The Impact of Globalization on Argentina and Chile
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The Impact of Globalization on Argentina and Chile

Business Enterprises and Entrepreneurship

Edited by Geoffrey Jones and Andrea Lluch

During the first global economy of the late nineteenth century and early twentieth century, Argentina became one of the richest countries on earth, while Chile was an economic backwater. During the contemporary era of globalization, liberalization and institutional reforms in Chile provided a context in which business grew, while in Argentina, institutional dysfunction made productive business hard to sustain. This book explores the complex relationships between corporate behavior, institutions and economic growth through the contrasting experiences of Argentina and Chile. In nine chapters written by prominent business historians, the work addresses the role of business in these two eras of globalization, examining the impact of multinationals, the formation of business groups, and relations between business and governments. It places the regional experience within the context of the worldwide history of globalization.
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Chapter 6: Staffing and management in British MNEs in Argentina and Chile, 1930–1970

Rory M. Miller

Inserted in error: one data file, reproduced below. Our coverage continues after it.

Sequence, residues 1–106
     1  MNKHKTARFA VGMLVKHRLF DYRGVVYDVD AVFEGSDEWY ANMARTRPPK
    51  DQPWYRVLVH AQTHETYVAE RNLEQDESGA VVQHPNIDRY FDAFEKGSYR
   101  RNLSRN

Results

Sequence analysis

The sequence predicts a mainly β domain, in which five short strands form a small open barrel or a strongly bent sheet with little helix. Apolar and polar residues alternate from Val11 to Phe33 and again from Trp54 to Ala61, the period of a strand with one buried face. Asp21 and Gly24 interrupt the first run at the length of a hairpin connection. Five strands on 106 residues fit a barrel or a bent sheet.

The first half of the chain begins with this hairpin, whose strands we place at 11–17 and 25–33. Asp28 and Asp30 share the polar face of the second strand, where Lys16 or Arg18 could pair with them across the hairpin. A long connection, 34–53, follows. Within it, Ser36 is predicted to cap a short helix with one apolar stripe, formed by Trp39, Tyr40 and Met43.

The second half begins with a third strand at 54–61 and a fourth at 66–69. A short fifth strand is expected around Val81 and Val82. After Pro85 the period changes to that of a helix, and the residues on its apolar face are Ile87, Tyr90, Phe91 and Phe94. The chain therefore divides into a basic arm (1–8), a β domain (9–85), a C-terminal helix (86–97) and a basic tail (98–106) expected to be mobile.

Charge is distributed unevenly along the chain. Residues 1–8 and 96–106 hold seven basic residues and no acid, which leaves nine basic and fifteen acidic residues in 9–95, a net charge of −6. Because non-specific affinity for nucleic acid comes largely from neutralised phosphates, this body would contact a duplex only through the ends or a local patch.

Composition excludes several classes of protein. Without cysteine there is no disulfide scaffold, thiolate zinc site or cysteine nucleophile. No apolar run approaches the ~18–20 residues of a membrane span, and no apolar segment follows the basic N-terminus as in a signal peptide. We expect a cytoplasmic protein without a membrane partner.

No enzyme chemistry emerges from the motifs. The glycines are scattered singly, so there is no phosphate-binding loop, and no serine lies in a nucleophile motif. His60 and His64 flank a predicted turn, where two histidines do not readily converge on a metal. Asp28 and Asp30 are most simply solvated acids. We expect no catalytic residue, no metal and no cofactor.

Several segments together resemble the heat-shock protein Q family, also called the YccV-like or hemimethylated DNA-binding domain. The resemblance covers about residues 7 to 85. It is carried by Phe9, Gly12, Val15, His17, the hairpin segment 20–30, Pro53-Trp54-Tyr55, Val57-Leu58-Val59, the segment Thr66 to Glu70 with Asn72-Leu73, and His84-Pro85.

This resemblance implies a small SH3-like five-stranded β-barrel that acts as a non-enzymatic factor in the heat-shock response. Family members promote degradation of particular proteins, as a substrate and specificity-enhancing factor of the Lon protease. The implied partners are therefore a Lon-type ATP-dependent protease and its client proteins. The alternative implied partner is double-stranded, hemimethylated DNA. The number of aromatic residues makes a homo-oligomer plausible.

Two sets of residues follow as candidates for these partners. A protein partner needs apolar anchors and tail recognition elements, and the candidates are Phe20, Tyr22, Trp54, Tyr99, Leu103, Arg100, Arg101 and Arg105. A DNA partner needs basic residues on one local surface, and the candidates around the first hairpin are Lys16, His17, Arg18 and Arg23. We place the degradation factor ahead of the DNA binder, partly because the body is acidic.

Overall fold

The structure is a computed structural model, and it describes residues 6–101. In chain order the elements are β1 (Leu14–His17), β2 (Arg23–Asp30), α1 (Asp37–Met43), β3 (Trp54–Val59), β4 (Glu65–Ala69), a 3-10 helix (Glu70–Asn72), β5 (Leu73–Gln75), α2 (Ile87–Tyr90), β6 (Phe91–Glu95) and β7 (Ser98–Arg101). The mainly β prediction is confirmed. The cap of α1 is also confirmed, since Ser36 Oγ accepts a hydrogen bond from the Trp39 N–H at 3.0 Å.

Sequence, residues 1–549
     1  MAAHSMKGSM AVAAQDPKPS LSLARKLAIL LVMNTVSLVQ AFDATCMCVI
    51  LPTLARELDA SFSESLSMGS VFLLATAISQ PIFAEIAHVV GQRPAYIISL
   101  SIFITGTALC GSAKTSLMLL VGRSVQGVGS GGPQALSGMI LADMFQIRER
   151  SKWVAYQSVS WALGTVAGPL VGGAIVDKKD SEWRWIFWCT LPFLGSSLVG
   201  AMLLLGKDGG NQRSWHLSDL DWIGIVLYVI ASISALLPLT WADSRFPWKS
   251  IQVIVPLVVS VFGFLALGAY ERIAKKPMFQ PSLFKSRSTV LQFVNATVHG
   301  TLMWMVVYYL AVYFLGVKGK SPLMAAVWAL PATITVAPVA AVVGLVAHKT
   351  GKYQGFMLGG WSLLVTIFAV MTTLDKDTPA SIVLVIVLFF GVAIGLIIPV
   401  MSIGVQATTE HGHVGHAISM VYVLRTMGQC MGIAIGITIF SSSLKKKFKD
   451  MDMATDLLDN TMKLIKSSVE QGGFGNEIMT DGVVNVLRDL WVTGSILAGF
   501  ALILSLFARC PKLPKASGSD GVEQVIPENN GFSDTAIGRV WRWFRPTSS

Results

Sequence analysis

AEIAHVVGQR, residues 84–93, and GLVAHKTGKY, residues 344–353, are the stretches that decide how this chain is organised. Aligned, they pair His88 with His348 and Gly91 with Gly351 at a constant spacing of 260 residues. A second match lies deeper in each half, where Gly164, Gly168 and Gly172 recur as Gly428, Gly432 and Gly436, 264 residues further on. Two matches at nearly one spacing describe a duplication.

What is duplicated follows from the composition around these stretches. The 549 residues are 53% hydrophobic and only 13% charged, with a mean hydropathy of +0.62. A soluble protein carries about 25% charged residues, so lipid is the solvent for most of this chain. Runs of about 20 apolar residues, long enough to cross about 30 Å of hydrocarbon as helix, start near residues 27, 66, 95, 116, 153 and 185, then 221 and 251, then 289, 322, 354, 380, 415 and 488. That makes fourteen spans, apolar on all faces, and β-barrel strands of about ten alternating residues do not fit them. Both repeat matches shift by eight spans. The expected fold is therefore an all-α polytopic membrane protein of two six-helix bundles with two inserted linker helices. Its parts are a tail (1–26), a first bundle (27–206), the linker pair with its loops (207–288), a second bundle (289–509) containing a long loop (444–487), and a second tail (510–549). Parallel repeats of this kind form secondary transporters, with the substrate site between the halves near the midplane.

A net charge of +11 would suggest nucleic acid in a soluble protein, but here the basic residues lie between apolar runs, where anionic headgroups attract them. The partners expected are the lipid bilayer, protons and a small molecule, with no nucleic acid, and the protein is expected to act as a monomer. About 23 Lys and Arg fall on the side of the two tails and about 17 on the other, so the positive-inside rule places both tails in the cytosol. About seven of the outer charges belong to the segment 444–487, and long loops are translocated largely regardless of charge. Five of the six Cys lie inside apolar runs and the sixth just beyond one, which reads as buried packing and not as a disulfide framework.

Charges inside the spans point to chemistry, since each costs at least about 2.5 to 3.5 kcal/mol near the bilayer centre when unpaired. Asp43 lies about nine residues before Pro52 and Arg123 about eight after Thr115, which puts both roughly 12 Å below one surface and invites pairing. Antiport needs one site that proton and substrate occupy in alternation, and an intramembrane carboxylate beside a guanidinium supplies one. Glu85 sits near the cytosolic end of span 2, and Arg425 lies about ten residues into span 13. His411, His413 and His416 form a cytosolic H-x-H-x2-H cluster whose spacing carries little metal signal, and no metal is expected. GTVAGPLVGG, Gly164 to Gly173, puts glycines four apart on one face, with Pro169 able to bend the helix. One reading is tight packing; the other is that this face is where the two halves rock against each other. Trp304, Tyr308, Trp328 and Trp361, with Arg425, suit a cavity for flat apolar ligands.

Business history in Latin America has undergone a remarkable expansion. The retreat of the political Left and the declining influence of dependency theory in universities and research institutes, coupled with a shift in economic policy to favour the private sector, helped to open up research on domestic business groups and their inter-relationships with foreign firms and the state, the dominant actor in most Latin American economies in the mid-twentieth century. At the same time the study of foreign business moved away from the issues of power that dominated the research agenda in the period when the imperialism and dependency paradigms were dominant. In part this has meant a reversion to traditional business history approaches in the form of company histories emphasising strategy. However, at the same time new areas of study have opened up, such as the cultural contrasts and conflicts between foreign bosses and Latin American workers, or the role of foreign business in changing patterns of consumption in Latin America. This growth in research both on domestic and foreign firms has meant that Latin America has been of interest both to those compiling collections of essays on international business history and to the international journals that specialise in the subject. Despite these advances, the state of business history in Latin America is, in the eyes of those at its leading edge, some way behind other areas of the world.

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